Just last week, I was having one of my periodic dramatic moments in which I wondered if we'd ever see spring, because I'd simply die if I had to wear my winter coat one more day. And then, all of a sudden, today was gorgeous. Spring at long last, and thus a totally appropriate time to begin my spring shopping guide posts. First up are ikat prints, which are totally not a new thing—especially if you shop in department stores, which have been pushing them for several seasons now—but in the deft hands of Joseph Altuzarra, ikat looks incredibly fresh and summer-appropriate. Summer, you say? I thought we were talking about spring! Well, as we all know, spring lasts like five seconds in NYC, so let's get straight to the good stuff, before the weather beats us!
All options in the $$$ section are from Mr. Altuzarra, but the print that really got my attention was the blue version, as seen in this deliciously flattering sheath dress. Now, Altuzarra is a smart designer, not because of his obvious talent, but because of his marketing skills as well--he's mentioned that he designs with an older woman in mind—smart, because that's who can actually afford to pay $2,000 for a dress.
You know Altuzarra really has a good thing on his hands with these ikat prints, because I tend to hate the color orange and yet I love the warm color scheme of this ikat-print pencil skirt. Once again, the cut is flattering (who doesn't look good in a pencil skirt?), with big patch pockets to slim the hips even further. And did I mention it's made of silk?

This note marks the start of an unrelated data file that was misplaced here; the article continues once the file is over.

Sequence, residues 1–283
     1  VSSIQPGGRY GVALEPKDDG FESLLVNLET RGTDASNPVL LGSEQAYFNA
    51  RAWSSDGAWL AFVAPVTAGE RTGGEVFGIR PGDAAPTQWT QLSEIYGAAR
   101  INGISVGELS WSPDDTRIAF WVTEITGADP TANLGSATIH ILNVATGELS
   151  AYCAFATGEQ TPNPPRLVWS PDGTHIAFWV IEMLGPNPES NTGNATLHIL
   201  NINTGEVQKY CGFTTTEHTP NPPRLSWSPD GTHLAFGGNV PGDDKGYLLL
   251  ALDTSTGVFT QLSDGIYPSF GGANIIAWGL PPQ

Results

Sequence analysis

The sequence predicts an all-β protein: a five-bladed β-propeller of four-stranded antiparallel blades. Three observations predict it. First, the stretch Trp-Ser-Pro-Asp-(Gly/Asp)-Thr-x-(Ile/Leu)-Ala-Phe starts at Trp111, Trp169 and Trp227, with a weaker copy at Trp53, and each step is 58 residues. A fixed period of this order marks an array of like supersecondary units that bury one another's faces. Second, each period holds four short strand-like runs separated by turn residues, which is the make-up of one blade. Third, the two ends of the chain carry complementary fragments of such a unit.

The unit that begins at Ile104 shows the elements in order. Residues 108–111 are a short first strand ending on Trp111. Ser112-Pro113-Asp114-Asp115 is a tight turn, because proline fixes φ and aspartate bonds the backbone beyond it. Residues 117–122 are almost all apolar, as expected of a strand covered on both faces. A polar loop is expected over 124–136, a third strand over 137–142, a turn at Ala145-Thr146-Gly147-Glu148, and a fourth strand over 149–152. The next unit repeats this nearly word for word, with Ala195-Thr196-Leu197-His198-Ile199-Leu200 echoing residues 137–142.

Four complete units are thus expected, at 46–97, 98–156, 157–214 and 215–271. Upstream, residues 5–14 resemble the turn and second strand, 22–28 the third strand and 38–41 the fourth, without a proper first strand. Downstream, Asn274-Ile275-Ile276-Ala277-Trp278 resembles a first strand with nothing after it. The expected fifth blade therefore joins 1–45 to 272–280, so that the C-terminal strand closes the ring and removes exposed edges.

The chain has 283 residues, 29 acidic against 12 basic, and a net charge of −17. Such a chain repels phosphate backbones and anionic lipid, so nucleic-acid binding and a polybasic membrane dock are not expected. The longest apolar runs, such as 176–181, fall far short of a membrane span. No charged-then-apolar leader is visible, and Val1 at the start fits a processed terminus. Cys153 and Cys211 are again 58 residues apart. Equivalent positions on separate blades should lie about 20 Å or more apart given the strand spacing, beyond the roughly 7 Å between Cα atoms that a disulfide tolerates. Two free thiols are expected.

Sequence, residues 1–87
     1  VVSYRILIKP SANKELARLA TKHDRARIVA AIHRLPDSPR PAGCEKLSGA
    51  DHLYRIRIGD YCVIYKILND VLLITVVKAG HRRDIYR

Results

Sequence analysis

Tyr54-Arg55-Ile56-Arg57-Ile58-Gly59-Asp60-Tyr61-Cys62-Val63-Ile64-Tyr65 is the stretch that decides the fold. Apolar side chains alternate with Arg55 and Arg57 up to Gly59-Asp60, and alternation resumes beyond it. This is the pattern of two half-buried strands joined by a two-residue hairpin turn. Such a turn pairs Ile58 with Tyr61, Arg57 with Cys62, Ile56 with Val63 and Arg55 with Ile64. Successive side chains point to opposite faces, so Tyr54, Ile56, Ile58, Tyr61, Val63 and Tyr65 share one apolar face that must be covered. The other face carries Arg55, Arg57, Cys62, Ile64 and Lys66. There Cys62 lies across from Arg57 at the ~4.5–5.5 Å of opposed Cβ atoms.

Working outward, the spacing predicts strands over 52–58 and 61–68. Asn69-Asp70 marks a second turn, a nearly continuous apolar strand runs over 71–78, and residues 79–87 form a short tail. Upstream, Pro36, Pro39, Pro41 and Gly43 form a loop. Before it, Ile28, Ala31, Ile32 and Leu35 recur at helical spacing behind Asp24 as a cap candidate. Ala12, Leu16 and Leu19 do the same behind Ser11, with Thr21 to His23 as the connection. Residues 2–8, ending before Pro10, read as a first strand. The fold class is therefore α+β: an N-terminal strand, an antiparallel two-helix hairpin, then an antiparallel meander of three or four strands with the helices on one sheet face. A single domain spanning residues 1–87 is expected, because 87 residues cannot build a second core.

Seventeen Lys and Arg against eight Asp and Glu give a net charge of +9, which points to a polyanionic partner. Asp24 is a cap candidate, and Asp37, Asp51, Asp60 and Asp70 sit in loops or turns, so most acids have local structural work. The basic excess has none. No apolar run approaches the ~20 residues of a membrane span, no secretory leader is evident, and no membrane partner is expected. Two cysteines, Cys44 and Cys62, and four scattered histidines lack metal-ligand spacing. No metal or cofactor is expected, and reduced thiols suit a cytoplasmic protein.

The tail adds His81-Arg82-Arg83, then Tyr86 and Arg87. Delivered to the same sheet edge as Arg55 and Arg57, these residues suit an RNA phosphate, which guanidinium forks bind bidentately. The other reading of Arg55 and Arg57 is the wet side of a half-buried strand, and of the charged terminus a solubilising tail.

Surprisingly, the most affordable of the three featured looks in this category is Altuzarra's Nyala dress (okay, $1675 is by no means a bargain, but give me a moment). It's one of those dresses that looks like a top and a skirt, which normally I find a bit contrived, but this one looks natural and well-balanced and interesting. It's also the most subtle ikat interpretation of the three, meaning it will live in your closet forever.
Thankfully, if you don't have $2k to drop on a daytime dress, there are plenty of great lower-priced options, including this leather-trim sheath by Milly by Michelle Smith. This is what we in the biz call a "desk-to-dinner dress" (the meaning is fairly clear) and thus a worthy investment.
BCBG is chock full of groovy block prints this season, and while they're not technically ikat prints, they're pretty darn similar, and much more wallet friendly. The Elouise sheath dress also falls into that coveted desk-to-dinner category, with the bonus of fun hot-pink trim.
But if you want something a little trendier, there's Otte's Ellen dress, a more casual fluid style with a high-low hem. You can wear it to brunch or even to the beach, but I'd throw on a belt and take it out for a night on the town.
As I mentioned earlier, department stores have been fans of ikat for several seasons now, so it's not surprising that all of a sudden, polo tops like this one by Anne Klein all of a sudden look trendy. But if anyone asks, you'll say it's vintage, right?
And, really, why even bother shelling out nearly $2,000 for the Altuzarra when this Jones New York ikat-print skirt is $39 (plus an extra 30% off at checkout at press time)? Okay, it's not silk and you'll probably need to size down (bonus!), but hello.
I particularly like this Everly Clothing ikat-print blouse from Piperlime, because the scale of the ikat print is so tiny that it doesn't scream IKAT, making it much more versatile and work-friendly. I'd actually wear this with another print, like a striped or tie-dyed skirt, but it's the kind of piece that also looks great with jeans or cargo pants or capris...or, you know, everything.